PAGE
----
If you have a mystery ISA network card with no recognizable brand name on it, chances are it’s an NE2000 clone of some sort. These cards were common in their day, but difficult to get working if you don’t have the original disks and manual. Here are some tips for using an NE2000 network card in DOS without them.
And these tips are helpful for using other cards in DOS as well, especially what you can do with the card once you have it up and running.
Why the NE2000?
I was mainly interested in the NE2000 because I had a couple of old NE2000 clones and decided to try to get them working before I bought something else. If you have to buy a card, I recommend buying an Intel 8/16 LAN Adapter because the utility disks are easy to find so you don’t have to fumble through the configuration, and you can use them in XT or AT-class machines.
But if you have NE2000s laying around, you might as well try to put them to use before buying something.
NE2000 clones can use the same packet driver. But the plug-and-play setup for one card doesn’t necessarily work with another one, and figuring out who made your card so you can find a setup disk is more trouble than just working through the possibilities.
NE2000s weren’t the best cards. Novell designed the card using the minimum viable product model, hoping to get cheap NICs on the market to help it sell its cash cow, Netware. It then spun off manufacturing and was happy when other companies cloned it. While not great, they’re fine for light use.
Early NE2000s didn’t have an RJ-45 connector. Make sure the card you plan to use does, since you’ll need that connector to connect up to a modern switch. A modern gigabit switch will happily talk at 10 megabits with older cards. The BNC and DB-15 connectors are obsolete. You can get an adapter to convert the DB-15 to RJ-45, but it will cost more than a nice ISA network card.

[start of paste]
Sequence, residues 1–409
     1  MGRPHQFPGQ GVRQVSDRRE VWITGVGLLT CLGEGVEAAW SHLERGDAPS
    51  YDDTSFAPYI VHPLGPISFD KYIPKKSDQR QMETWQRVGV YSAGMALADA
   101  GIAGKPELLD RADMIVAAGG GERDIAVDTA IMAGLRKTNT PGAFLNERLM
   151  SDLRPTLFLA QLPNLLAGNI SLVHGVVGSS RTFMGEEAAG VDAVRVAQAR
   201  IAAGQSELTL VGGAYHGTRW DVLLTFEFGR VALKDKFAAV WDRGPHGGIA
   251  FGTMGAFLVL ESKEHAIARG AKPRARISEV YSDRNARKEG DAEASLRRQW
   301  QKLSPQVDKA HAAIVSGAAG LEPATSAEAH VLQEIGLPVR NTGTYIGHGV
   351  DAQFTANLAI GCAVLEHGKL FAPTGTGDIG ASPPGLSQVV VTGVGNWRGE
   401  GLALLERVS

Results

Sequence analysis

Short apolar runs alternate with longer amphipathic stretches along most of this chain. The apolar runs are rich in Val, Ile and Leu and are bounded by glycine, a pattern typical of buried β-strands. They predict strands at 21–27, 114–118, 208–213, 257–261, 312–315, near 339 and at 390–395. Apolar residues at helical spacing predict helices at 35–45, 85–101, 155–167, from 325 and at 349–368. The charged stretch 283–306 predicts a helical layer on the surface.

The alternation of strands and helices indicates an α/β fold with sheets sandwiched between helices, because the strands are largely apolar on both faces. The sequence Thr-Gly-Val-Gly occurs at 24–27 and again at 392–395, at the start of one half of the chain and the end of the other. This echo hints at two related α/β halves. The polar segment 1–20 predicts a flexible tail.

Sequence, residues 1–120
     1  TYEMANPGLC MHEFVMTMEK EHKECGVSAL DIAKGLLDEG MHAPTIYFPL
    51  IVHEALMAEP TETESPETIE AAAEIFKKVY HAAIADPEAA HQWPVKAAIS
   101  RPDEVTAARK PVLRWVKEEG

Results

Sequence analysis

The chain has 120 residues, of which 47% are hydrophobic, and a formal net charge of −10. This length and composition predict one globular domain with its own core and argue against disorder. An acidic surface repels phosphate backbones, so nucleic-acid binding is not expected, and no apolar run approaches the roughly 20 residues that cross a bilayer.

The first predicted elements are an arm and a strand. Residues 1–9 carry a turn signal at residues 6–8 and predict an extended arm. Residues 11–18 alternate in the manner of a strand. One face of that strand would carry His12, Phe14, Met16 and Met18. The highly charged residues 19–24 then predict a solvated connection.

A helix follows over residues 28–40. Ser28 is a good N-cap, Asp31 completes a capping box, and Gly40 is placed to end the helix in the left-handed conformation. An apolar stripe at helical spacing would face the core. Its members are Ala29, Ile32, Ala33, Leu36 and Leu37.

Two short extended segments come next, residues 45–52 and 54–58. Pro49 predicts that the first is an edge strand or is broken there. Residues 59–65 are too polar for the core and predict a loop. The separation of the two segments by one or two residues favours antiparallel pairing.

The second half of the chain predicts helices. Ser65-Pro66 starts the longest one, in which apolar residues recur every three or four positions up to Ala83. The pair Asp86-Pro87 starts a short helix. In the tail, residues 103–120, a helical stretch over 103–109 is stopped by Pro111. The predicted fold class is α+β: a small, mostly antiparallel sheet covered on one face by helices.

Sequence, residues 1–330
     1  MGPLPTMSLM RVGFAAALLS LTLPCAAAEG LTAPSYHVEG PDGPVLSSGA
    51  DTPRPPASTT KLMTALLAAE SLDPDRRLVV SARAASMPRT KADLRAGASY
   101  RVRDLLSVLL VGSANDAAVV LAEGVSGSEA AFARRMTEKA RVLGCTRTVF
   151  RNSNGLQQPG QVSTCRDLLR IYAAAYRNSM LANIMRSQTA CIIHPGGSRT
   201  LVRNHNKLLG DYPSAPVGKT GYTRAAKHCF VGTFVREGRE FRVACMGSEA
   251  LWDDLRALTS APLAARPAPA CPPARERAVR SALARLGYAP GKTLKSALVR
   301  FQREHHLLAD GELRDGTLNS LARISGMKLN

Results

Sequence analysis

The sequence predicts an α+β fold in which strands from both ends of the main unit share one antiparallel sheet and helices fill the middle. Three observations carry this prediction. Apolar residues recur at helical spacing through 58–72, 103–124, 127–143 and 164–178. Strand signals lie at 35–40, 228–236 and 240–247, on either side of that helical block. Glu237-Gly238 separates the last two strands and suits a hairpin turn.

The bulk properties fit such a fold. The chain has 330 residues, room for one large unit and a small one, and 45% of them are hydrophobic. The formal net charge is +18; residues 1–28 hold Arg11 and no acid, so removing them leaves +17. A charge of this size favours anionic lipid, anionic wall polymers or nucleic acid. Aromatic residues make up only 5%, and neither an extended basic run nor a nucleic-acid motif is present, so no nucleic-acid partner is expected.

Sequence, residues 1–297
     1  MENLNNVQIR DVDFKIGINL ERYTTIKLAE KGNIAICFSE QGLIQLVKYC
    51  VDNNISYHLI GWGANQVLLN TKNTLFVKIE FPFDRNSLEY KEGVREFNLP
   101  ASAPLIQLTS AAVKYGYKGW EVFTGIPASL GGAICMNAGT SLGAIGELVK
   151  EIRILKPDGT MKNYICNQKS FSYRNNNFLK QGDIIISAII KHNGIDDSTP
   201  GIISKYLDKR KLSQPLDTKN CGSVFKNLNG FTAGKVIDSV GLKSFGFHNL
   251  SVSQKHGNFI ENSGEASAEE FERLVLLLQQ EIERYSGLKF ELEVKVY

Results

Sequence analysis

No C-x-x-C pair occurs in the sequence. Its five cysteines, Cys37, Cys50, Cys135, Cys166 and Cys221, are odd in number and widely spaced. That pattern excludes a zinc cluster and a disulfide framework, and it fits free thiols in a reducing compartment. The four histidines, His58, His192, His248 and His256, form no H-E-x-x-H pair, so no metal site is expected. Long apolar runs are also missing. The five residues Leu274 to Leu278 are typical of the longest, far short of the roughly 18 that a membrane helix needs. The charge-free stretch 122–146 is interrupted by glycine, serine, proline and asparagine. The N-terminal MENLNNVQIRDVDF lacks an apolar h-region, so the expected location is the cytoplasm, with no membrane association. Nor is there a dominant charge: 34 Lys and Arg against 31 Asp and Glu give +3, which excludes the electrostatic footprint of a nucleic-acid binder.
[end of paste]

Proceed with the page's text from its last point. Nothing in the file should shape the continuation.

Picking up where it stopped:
While it’s possible to create a network boot disk with a Microsoft network client, this client won’t work with modern Windows operating systems without a lot of tweaking. It’s a lot of trouble and it decreases your security, so I don’t recommend it. The DOS networking client was never all that easy to configure anyway, even when the OS on the other end was cooperative.
Instead, I recommend using a packet driver and Mike Brutman’s MTCP. This implements basic TCP/IP commands like ftp and ping, as well as a DHCP client. What a lot of retro enthusiasts recommend is standing up an FTP server on your DOS machine, then you can use an FTP client on your modern computer to connect to your DOS machine and upload whatever you want to it. At 10 megabits it’s not quick, but it’s much more convenient than shuffling disks or memory cards around. And given it’s a DOS machine, you’re not going to be schlepping hundreds of megabytes of data over the connection most of the time.
Isn’t FTP insecure?
Yes, FTP is insecure because it doesn’t encrypt any of the data. Don’t forward port 21 of your DOS machine from your router to open it up to the outside world. But it’s OK for this use case. It’s on your home network, which is closed off from the rest of the world. You’re only using it for a few minutes at a time, and you’re not transmitting sensitive data to and from it.
Setting up MTCP
Download Brutman’s MTCP and copy it to your DOS machine somehow (a Gotek floppy emulator can help), along with the NE2000 packet driver, which you can download from here. If you wish, you can load them into a DOS boot disk if that makes things easier. I like to put all of the files in a directory named C:\NET.
When you unzip MTCP, you’ll find two sample configuration files in the samples directory, one for the MTCP package as a whole and the other for the FTP server. The example config worked well enough for me, mostly. You need to open the file and scroll down to the line that specifies the FTP passwords file, uncomment that line, and direct it to your file.
I started with the example file, and deleted all the entries except the brutman entry. I changed the username and password to something for myself.